I'm wondering what the aero/astronautical engineers opinions on this matter are. I sure cannot start the swing test at the speed Openrocket is suggesting off the rod, so without nose weight it starts looking dicey. But I *know* my original flew fine without it... but the swing test on this indicates it really enjoys flying backwards! I know that nose weight is not a terrible option evidently 9-10 grams of weight (.31-.32 oz) is enough for my new goblin to easily pass the swing test.

I guess what I'm really asking here is: did any of "youse guys" fly the goblin back in the day w/o any nose weight added?
 

hcmbanjo

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From the post in August 2017 -
You might mean the longer engine hook (with finger tab) extends farther out the back.
The original hook didn't have the extension and allowed the model to stand on the fin tips.

No nose weight in the first Estes Goblin:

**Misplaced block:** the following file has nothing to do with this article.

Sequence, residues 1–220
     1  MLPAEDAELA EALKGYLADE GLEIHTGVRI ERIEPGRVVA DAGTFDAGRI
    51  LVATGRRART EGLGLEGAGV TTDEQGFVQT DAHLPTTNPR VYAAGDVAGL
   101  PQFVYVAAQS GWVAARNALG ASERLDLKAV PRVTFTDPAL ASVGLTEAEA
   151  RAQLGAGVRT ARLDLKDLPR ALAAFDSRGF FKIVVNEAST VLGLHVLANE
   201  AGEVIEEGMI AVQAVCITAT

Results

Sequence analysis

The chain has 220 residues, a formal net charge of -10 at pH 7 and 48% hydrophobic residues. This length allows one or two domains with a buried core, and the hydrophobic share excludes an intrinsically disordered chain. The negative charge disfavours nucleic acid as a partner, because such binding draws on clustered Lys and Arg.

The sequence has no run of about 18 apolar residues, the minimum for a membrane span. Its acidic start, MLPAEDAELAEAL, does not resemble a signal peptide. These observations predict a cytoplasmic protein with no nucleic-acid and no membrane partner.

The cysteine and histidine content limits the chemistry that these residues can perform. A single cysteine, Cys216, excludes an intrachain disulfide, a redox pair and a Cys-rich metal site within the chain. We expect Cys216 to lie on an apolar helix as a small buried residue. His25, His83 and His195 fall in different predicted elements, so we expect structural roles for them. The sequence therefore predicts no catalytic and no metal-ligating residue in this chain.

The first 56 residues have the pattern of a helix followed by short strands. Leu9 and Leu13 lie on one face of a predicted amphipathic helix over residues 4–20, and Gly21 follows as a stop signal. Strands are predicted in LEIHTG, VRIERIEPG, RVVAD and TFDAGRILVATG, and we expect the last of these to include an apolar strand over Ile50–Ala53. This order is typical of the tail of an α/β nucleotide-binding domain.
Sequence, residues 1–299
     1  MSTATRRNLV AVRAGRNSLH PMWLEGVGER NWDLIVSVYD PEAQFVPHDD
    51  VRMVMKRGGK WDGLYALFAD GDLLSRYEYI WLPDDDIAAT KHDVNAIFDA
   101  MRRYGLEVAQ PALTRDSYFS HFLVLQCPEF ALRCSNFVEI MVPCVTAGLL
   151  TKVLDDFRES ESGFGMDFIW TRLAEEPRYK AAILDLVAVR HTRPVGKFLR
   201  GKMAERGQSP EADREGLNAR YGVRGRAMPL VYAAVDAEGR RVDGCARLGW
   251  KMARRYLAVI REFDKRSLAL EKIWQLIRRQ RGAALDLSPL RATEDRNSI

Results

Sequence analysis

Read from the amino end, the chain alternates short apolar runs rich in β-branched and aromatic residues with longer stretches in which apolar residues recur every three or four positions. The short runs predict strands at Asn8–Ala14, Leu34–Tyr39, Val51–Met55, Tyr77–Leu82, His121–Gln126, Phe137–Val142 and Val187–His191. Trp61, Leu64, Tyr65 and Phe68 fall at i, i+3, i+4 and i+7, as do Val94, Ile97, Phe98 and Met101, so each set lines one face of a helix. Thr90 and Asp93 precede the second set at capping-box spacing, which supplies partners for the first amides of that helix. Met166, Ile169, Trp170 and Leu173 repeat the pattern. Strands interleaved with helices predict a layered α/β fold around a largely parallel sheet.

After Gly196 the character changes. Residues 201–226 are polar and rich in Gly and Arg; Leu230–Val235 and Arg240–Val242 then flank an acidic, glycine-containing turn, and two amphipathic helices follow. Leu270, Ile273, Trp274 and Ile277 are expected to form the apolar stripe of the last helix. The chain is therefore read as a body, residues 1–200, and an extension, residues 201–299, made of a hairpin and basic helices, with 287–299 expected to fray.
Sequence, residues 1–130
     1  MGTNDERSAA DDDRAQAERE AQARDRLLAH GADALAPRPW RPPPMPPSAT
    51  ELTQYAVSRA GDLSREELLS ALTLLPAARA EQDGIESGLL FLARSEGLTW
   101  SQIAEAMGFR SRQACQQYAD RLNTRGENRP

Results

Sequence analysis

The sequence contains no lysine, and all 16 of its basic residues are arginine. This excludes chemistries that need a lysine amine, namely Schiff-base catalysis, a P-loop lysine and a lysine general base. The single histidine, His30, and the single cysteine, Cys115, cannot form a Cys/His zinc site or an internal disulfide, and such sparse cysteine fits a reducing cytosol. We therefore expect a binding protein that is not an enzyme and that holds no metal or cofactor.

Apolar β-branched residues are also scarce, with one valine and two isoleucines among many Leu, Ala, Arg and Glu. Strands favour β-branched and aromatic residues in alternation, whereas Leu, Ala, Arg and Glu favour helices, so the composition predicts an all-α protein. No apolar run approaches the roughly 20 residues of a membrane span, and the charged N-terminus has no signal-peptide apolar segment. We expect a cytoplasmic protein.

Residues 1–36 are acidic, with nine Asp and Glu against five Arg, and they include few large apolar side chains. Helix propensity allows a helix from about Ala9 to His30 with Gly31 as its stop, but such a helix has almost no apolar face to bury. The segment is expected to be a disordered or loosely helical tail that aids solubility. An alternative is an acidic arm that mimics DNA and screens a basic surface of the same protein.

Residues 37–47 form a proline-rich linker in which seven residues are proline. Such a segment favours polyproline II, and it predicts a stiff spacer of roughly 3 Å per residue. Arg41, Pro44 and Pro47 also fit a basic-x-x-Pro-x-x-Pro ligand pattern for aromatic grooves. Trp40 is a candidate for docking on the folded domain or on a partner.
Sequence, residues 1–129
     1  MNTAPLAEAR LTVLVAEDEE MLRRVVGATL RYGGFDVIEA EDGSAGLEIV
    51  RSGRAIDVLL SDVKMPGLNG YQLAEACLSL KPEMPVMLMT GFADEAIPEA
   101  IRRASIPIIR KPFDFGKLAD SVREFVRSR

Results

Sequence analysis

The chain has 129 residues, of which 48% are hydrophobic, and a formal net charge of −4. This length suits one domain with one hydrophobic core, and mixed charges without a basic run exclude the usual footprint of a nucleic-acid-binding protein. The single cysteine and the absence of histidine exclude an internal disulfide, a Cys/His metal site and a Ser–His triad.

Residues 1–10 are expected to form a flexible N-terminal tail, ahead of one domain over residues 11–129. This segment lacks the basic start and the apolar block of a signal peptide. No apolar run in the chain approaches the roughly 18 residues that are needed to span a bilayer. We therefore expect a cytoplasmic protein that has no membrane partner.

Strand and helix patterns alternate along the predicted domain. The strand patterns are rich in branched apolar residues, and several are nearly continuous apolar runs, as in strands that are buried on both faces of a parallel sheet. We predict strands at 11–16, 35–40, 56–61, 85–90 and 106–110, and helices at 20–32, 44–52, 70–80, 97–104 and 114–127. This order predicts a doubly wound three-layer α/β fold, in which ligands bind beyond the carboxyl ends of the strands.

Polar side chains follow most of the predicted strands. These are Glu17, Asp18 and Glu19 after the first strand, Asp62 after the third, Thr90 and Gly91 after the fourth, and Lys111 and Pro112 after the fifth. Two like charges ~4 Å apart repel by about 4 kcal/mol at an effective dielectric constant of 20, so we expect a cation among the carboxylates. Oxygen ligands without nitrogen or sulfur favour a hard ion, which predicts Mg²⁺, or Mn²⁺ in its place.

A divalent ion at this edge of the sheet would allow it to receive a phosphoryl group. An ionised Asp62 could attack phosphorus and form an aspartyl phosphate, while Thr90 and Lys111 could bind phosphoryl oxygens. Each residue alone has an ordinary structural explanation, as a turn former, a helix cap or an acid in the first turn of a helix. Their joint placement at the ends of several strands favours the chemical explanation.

https://www.spacemodeling.org/jimz/k-55.htm
John Boren has explained in past posts that Estes now requires the C/G to be 1 1/2 calibers ahead of the C/P.
 

DeltaVee

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From the post in August 2017 -
You might mean the longer engine hook (with finger tab) extends farther out the back.
The original hook didn't have the extension and allowed the model to stand on the fin tips.

No nose weight in the first Estes Goblin:
https://www.spacemodeling.org/jimz/k-55.htm
John Boren has explained in past posts that Estes now requires the C/G to be 1 1/2 calibers ahead of the C/P.
That's what I thought... that said, with a D12-7 openrocket suggests that the Cg leads by .764 calibers! Like I said, without any noseweight, string test flies backwards. .32 oz of nose weight fixes it well (openrocket then says 1.27 Caliber)
 

hball55